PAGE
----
In connection with the license agreement with Dana-Farber, the Company entered into a collaboration agreement with TGTX, which was amended and restated in June 2019, to develop and commercialize the anti-PD-L1 and anti-GITR antibody research programs in the field of hematological malignancies, while the Company retains the right to develop and commercialize these antibodies in solid tumors. Michael Weiss, Chairman of the Board of Directors of Checkpoint and Fortress’ Executive Vice Chairman, Strategic Development, is also the Executive Chairman, President and Chief Executive Officer and a stockholder of TGTX. Under the terms of the original collaboration agreement, TGTX paid the Company $0.5 million, representing an upfront licensing fee. Upon the signing of the amended and restated collaboration agreement in June 2019, TGTX paid the Company an additional $1.0 million upfront licensing fee. The Company is eligible to receive substantive potential milestone payments for the anti-PD-L1 program of up to an aggregate of approximately $27.6 million upon TGTX’s successful achievement of certain clinical development, regulatory and first commercial sale milestones. This is comprised of up to approximately $8.4 million upon TGTX’s successful completion of clinical development milestones, and up to approximately $19.2 million upon regulatory filings and first commercial sales in specified territories. The Company is also eligible to receive substantive potential milestone payments for the anti-GITR antibody program of up to an aggregate of approximately $21.5 million upon TGTX’s successful achievement of certain clinical development, regulatory and first commercial sale milestones. This is comprised of up to approximately $7.0 million upon TGTX’s successful completion of clinical development milestones, and up to approximately $14.5 million upon first commercial sales in specified territories. In addition, the Company is eligible to receive up to an aggregate of $60.0 million upon  TGTX’s successful achievement of certain sales milestones based on aggregate net sales for both programs, in addition to royalty payments based on a tiered low double-digit percentage of net sales. Following the second anniversary of the effective date of the agreement, the Company receives an annual license maintenance fee, which is creditable against milestone payments or royalties due to the Company. TGTX also pays the Company for its out-of-pocket costs of material used by TGTX for their development activities. For the three months ended June 30, 2020 and 2019, the Company recognized approximately $14,000 and $1.0 million, respectively, in revenue from its collaboration agreement in the Condensed Statements of Operations. For the six months ended June 30, 2020 and 2019, the Company recognized approximately $1.0  million, which included a milestone of $925,000 upon the 12th patient dosed in a phase 1 clinical trial for the anti-PD-L1 antibody cosibelimab (formerly referred to as CK-301) during March 2020, and $1.4 million, respectively, in revenue related to the collaboration agreement in the Condensed Statements of Operations.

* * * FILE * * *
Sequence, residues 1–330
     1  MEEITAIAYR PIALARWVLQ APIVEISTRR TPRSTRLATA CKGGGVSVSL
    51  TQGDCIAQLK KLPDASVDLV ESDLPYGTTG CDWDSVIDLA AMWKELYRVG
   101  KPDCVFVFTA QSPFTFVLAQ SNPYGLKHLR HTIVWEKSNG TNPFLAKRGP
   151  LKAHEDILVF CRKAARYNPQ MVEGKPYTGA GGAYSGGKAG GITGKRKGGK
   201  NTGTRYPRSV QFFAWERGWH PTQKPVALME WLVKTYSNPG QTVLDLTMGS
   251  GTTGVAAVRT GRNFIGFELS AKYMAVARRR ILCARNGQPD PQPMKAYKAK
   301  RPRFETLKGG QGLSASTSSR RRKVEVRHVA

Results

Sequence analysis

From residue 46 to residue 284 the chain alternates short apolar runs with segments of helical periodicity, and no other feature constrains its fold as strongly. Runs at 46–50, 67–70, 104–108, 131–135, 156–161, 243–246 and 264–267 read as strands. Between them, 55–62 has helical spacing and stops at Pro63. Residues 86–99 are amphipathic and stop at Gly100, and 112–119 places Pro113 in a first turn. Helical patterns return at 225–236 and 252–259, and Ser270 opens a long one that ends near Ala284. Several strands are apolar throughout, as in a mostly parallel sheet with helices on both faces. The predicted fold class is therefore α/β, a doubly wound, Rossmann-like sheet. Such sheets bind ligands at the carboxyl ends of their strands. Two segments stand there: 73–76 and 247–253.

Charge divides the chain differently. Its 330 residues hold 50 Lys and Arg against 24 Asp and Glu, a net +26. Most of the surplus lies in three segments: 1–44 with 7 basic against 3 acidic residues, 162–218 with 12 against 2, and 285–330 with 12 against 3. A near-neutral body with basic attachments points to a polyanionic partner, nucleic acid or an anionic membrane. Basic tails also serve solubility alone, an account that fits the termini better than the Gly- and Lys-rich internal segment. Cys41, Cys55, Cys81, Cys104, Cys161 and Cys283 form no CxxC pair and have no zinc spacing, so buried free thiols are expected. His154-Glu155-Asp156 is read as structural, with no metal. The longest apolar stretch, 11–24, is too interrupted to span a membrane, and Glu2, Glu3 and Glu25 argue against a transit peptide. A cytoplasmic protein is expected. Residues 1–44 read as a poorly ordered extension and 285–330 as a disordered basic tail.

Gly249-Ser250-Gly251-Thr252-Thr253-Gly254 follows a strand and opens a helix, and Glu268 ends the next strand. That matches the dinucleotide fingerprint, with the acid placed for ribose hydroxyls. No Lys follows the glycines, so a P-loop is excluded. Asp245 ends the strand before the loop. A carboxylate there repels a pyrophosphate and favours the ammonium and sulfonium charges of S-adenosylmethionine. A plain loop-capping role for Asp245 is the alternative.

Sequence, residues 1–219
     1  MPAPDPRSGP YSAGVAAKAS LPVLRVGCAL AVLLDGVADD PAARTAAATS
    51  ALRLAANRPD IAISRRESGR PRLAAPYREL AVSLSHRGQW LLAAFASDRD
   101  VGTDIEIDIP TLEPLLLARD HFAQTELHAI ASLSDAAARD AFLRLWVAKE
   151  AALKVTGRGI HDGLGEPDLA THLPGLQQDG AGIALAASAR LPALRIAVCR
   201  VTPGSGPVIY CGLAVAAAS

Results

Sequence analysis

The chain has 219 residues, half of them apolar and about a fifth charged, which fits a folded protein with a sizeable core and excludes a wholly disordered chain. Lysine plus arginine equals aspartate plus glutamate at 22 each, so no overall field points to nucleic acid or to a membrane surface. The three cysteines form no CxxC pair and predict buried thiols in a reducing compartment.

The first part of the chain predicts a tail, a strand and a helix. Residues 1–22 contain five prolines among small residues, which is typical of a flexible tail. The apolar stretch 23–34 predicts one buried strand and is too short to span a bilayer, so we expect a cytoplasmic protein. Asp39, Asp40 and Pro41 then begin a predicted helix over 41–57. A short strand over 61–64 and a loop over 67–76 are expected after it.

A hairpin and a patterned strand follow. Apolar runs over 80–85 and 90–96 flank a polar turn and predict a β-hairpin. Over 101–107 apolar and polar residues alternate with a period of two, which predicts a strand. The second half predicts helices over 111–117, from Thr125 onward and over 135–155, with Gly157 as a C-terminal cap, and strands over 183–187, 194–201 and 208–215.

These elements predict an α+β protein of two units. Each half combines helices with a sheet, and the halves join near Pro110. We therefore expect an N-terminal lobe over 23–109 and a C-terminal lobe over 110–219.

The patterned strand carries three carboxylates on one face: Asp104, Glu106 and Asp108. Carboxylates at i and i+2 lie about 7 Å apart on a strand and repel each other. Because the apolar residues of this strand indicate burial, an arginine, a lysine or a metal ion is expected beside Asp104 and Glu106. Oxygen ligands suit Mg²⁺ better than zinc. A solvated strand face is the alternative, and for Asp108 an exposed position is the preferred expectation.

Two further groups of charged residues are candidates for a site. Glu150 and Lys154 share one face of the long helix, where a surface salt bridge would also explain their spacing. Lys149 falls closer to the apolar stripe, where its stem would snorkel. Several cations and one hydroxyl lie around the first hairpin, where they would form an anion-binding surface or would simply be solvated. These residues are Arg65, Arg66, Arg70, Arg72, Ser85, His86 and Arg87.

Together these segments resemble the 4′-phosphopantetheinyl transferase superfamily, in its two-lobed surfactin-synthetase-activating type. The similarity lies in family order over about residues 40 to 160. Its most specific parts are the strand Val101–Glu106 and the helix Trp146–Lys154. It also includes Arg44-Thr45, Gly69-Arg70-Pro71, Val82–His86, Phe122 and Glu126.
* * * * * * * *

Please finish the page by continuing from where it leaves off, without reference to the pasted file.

Adimab, LLC